Last time we talked about the fundamental importance of the right to remain silent. Experienced criminal defense attorneys will all tell you that half of their clients wouldn’t be clients if they had only invoked their right to remain silent. When the police question you about a burglary and you say, “I was only looking around,” or something equally ill advised, you have just proven an essential element of a felony….i.e. that YOU (not someone else) are the person who was there. Now, instead of forcing the prosecutor to prove you were there by convincing a jury of your peers beyond a reasonable doubt that you were in fact the person who was seen at the crime scene, so to speak, they simply repeat what you said in court to the jury. Just as Miranda warns us: Anything you say can and will be used against you in a court of law. And, it will.
So, when you give up your right to remain silent you are pretty much also giving up your right to be presumed innocent and to force the government to prove every single element of the crime charged beyond a reasonable doubt. These are fundamental rights under our Constitution. This stuff was so important to the Founders that the first thing they did, once they had a chance to digest their monumental work drafting the U.S. Constitution, was to go back and improve it by adding the Bill of Rights.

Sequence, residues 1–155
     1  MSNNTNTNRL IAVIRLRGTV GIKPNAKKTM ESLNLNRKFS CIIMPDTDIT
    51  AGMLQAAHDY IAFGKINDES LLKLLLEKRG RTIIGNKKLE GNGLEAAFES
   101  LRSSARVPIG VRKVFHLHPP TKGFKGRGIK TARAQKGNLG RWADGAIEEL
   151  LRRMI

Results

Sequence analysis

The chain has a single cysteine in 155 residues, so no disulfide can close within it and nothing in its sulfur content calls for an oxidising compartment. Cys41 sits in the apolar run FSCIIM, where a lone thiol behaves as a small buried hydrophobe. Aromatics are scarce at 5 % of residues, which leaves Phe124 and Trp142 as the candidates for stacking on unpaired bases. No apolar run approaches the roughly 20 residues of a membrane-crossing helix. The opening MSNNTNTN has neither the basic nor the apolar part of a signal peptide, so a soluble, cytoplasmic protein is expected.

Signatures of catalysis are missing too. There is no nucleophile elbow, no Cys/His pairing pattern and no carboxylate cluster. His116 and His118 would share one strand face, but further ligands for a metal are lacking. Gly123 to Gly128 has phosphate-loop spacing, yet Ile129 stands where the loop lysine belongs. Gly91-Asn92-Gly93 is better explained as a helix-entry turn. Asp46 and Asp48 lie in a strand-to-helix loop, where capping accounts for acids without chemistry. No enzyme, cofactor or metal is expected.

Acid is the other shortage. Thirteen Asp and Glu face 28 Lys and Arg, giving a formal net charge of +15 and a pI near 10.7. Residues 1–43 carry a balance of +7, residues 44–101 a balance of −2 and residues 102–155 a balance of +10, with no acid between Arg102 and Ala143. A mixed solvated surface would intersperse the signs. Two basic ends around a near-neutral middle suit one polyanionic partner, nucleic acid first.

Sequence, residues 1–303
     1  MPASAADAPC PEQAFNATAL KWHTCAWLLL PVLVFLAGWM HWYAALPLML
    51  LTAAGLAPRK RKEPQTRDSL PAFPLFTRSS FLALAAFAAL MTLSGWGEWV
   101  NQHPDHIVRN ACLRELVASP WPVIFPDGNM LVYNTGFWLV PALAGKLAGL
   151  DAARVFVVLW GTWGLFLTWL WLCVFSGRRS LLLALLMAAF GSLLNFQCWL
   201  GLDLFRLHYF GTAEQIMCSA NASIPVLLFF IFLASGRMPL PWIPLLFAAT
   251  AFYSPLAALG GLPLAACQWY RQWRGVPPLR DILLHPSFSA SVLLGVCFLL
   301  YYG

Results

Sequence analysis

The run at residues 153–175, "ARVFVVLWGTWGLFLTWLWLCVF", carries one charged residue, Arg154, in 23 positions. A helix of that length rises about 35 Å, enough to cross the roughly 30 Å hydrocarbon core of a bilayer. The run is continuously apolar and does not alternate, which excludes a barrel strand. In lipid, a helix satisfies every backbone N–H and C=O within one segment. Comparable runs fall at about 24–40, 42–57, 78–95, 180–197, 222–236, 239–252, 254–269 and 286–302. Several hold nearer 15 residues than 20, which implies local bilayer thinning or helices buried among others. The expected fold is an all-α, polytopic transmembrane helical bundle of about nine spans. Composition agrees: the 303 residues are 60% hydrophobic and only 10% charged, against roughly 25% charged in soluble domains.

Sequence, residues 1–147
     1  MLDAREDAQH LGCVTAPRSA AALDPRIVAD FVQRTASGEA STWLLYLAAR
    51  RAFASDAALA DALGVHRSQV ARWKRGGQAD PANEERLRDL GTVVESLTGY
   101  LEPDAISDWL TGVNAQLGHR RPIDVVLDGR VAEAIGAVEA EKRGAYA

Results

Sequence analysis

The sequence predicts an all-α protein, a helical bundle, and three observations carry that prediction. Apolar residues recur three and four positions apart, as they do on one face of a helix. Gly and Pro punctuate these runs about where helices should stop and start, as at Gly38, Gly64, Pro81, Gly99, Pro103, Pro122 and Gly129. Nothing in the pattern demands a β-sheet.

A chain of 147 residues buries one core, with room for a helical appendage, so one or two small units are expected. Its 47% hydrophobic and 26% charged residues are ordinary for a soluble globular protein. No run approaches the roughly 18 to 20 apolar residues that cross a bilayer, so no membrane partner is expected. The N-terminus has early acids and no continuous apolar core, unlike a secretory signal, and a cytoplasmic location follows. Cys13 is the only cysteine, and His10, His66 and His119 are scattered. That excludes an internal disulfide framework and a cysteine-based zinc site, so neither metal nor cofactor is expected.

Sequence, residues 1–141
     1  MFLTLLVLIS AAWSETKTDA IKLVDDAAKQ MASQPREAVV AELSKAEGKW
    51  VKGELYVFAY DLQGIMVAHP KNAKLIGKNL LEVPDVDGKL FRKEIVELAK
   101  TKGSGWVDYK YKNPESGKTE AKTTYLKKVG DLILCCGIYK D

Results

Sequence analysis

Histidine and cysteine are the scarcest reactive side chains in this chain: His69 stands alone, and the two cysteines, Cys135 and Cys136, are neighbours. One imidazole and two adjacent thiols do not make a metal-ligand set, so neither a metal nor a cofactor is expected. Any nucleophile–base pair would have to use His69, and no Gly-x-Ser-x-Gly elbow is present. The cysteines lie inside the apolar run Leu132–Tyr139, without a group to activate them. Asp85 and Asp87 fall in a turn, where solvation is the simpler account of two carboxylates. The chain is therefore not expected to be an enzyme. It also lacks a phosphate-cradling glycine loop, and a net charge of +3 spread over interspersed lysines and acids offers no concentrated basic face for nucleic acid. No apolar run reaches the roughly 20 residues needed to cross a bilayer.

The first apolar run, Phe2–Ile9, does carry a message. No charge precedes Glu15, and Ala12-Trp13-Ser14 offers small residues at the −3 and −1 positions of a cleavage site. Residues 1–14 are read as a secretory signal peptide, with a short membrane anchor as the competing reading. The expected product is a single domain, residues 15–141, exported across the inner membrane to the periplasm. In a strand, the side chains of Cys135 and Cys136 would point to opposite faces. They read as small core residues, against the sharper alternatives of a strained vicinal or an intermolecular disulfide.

These protections are the way the Founders gave some of the power they had created for their government back to the people. Protecting the people from that very government, in fact. This is not a forum for discussing the Second Amendment and the formation of militias……yet…….but some argue that the right to bear arms is the best example of how intensely the Founders believed that the people needed to be protected from the government. So intensely that they gave the people a way to overthrow the government that they had just created.
We don’t need to get into all that. But, if the Founders thought armed resistance to the power of government was acceptable, why do so many people find it so hard to resist the government with silence? The right to remain silent is one of the most important ways we can protect ourselves from involving the governments in our lives. Just ask Blagojevich and Clemens…..